I had lunch, today, in one of my favorite local restaurants and the service was deplorable. I have lunch, at least, once a week in this restaurant and the service is normally very good.
Today, I was put in a most uncomfortable position: I was made to feel invisible by my waitress. I had to ask a busboy to get me a waiter/waitress and once she took my order, she never again made eye contact with me or came over to ask me how everything was. I even had to ask a different waiter for the check!
I'm, typically, a decent tipper, however, today, I gave the tip that was deserved. I gave a 10% tip. Frankly, that was probably more than what was deserved, but I like the food, the price, and the location of this restaurant, so I'll return. (If I continue to receive bad service, I'll go elsewhere.)
If you treat your customers/clients as poorly as I was treated, today, you might not be so lucky. There is so much competition for your customers'/clients' business, that if you don't want to lose that chunk of steady business, you had better treat that steady customer/client as the valued contact that he is.
A couple of days ago, I waited 25 minutes to be seen by my chiropractor which was much longer than I usually have to wait for him and it was on a day that I had already been out of the office for far too long a period. However, my chiropractor was his usual charming self and apologized, profusely, for the wait. Not only that, but he meant it. My chiropractor and I have such a wonderful relationship that I would never go elsewhere unless I moved far away from New York City. He would never treat me badly as it's not in his makeup. He's not only a sweetheart: he's also smart.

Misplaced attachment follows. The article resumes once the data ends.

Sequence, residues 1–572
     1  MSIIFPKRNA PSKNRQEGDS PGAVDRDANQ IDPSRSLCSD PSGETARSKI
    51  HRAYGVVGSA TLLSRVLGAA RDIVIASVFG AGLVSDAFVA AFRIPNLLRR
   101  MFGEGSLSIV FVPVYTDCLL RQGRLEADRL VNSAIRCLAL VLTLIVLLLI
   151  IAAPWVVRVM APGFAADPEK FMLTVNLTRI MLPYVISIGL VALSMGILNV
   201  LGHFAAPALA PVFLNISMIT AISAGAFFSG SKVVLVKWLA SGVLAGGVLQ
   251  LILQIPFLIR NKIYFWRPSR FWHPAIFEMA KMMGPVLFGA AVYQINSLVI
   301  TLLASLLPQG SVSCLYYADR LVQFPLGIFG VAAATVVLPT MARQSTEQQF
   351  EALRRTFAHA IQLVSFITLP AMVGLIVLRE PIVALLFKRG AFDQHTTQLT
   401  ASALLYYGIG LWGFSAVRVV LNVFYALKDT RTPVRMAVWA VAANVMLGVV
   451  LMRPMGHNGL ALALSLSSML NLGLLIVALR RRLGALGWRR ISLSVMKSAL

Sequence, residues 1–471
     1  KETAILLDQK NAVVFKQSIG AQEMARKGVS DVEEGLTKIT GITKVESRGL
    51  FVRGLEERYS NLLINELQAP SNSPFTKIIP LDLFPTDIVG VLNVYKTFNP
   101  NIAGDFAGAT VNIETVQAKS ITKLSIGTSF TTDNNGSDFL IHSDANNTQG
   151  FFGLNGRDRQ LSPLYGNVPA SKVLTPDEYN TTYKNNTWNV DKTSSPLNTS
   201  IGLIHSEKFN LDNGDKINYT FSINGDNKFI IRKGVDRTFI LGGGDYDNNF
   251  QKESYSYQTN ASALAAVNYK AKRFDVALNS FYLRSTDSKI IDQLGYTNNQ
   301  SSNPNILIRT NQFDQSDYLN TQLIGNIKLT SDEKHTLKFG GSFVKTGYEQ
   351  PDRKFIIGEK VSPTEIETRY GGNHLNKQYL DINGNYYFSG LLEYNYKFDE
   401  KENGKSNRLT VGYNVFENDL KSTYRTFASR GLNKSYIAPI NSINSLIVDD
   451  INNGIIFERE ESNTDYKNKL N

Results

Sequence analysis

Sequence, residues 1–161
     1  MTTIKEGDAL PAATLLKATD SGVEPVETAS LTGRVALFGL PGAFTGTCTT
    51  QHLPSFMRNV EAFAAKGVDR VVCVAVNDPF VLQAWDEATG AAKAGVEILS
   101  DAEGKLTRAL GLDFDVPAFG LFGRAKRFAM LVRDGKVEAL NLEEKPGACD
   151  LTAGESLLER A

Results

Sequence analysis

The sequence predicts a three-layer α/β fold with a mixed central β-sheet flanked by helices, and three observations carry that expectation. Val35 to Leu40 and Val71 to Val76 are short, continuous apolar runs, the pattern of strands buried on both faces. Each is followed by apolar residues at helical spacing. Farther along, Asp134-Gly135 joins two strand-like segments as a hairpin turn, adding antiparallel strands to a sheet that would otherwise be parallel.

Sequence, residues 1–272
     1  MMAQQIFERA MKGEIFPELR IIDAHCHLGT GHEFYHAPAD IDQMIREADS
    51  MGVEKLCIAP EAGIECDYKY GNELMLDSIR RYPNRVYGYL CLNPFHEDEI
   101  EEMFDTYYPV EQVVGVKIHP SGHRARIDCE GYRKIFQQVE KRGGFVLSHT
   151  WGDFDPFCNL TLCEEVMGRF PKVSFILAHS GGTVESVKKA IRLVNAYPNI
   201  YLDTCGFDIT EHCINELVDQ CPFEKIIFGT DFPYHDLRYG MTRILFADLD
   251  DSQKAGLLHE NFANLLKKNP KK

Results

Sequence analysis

All of your clients are important, however, your steady clients are your bread and butter and should be treated as nicely as you treated them the first time you met them. Don't let things slide and make them go elsewhere. They might not want to leave you, but ultimately, they will. I have left professionals and service providers, with whom I had long-term relationships, and wouldn't hesitate to do so, again, if I wasn't properly treated and appreciated. I doubt that I'm unique in this regard.
Let me add something to the mix that I think is very important. When you're trying to interest a potential client in your product or services, if you ask the potential client how he prefers to be contacted (e-mail or phone) and if you, then, disregard his wishes, you are either an idiot or a person who fears success.
If a company can't follow my expressed wishes, which, by the way, it requested from me, why on earth would I consider buying its products or using its services? I've already gotten a taste of what it would be like to deal with this company. The gym that offered me a complimentary pass for a day, today, will NEVER get my business.
It's so easy to work smartly that it's astounding to me that more people don't. All you have to do is 1) pay attention to what your client/potential client says 2) serve him in the way he wants to be served 3) follow up with him to ensure that he is happy with your product or service 4) treat him with respect and 5) treat him the way you would like to be treated.
It's that simple.